Lots of studies have found that keeping the parts of your day not related to screens away from screens provides the best chance for getting things done. As I’m not a big TV watcher, I can sit in front of a TV and read a lot, but I do find it good to stay away from the computer. I often sit in a particular seat in another room where I can have a drink on a table. In the summer, reading outside is wonderful – I believe it’s the reason my Julys are always full of books – lots of sun, warm weather, and to be outside is to be ever further from the computer. The only thing downside is that a computer or other device is useful for looking things up you may not understand, and so there can be anxiety if I come across something in a book that I feel needs explaining before I continue. Do I go to the computer and potentially lose some time in research (admittedly often very worth while), or do I try and remember for later what I want to look up? The latter is fine… until you’ve a small list of things to remember. I also find I don’t concentrate so well once I’ve something noted to research.

This brings me to note-taking, which can of course help with items of research – taking notes is great but it can pull you away from your reading flow. I also find that once I start taking note of a good quote or two, it’s all too easy to pinpoint further quotes of worth.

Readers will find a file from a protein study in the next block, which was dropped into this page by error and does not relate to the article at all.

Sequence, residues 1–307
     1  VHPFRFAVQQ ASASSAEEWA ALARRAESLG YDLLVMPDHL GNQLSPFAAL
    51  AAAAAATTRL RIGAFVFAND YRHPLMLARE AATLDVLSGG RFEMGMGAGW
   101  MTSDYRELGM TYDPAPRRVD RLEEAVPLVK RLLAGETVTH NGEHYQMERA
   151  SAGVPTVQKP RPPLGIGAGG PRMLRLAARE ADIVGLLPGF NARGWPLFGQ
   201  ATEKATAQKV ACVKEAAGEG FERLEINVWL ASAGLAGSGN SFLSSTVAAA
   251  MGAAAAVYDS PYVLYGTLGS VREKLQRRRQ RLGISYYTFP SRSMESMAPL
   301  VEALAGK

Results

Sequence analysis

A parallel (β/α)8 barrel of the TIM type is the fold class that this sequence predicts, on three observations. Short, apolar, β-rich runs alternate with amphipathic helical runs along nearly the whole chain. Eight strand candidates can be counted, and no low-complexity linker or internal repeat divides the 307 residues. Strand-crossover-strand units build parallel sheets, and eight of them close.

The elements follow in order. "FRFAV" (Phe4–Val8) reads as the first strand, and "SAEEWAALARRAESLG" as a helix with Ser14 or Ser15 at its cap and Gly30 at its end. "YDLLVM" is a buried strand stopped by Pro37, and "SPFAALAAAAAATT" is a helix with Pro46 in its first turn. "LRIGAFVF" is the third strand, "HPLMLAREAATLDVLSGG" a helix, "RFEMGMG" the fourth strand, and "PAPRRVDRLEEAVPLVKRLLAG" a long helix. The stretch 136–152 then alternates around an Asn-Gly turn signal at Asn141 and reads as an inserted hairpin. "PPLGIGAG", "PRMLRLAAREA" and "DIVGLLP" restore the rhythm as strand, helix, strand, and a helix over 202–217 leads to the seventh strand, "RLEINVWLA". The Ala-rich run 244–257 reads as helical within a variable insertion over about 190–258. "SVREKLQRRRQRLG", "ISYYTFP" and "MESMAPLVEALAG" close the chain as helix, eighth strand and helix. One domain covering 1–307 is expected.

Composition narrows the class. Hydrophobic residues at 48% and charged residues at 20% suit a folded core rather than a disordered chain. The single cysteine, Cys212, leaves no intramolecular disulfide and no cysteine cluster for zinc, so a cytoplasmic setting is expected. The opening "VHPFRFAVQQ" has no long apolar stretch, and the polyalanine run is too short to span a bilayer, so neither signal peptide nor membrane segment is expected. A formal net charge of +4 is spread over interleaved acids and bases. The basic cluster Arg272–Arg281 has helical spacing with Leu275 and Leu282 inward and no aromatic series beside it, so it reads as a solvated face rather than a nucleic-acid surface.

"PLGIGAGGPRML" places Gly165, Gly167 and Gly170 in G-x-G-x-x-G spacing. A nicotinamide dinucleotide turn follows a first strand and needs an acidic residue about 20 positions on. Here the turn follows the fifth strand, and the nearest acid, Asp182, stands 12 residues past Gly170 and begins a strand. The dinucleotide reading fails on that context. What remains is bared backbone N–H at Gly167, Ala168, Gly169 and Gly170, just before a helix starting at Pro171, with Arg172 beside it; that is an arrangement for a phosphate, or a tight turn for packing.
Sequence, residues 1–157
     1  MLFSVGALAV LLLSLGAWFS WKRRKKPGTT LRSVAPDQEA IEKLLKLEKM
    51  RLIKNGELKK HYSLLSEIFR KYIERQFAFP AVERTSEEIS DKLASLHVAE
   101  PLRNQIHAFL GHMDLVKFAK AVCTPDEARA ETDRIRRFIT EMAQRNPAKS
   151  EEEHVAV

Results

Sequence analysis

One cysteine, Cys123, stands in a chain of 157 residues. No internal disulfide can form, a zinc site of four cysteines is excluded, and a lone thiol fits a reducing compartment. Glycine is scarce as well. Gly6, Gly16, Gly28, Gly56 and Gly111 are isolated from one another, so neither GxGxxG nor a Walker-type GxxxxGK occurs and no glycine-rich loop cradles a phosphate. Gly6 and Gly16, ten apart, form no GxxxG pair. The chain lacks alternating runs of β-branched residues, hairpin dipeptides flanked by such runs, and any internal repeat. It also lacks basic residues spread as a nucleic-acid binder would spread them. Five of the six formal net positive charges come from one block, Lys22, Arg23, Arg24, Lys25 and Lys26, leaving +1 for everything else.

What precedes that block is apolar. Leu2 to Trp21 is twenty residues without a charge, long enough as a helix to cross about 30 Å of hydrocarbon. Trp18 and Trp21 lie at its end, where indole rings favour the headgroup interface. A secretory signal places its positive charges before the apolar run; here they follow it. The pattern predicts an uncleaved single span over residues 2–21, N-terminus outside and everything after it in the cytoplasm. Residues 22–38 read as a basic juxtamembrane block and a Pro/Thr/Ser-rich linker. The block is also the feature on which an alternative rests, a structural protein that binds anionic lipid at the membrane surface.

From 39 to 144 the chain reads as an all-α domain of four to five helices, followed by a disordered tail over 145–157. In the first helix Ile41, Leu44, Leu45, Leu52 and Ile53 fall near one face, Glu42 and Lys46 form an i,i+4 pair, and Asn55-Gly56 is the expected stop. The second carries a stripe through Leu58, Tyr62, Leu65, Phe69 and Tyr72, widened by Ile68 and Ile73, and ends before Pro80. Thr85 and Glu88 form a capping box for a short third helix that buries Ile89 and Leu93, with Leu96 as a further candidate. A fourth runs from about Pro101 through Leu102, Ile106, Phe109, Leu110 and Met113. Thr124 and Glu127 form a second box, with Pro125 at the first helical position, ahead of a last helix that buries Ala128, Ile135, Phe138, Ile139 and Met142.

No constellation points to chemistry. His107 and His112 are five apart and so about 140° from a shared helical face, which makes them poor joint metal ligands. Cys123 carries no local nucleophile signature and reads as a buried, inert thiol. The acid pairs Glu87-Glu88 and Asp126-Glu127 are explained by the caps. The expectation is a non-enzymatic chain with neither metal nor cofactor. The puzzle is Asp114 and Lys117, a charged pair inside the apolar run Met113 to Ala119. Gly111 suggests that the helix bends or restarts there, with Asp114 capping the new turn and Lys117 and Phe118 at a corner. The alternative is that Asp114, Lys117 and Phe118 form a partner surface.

In terms of noise, I can now read with a bit of noise. There’s a bit more traffic where I currently live compared to my previous home – the first time I attempted to read with the windows open I soon came to the conclusion that as nice as the place was, reading was going to be difficult. But I kept at it; a few weeks later I found I’d blocked out the noise.

Whilst I can read on buses, even when there’s quite a few people on there, I find trains impossible. And those ‘quiet’ carriages are often the most loud. I’m not sure what the difference is – a bus is more bumpy, there are more stops and there’s more bustle.

When I need to relax I ironically find chores a better escape; mindless activities. I’m also not too great in a library; I browse and then bring the books home.

Writing this, it seemed my reading life has become more limited, however until quite recently most of the above would have been off the table to the extent that they wouldn’t even warrant a mention. I reckon that whilst it’s happening slowly, I’m moving in the right direction.

How do you read best, and what are your limitations?

Valeria Luiselli – Faces In The Crowd

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Stories can haunt you.

Publisher: Granta
Pages: 148
Type: Fiction
Age: Adult
ISBN: 978-1-847-08507-8
First Published: 2011; 2nd May 2013 in English
Date Reviewed: 18th June 2018
Rating: 4/5

Original language: Spanish
Original title: Los ingrávidos (The Weightless)
Translated by: Christina MacSweeney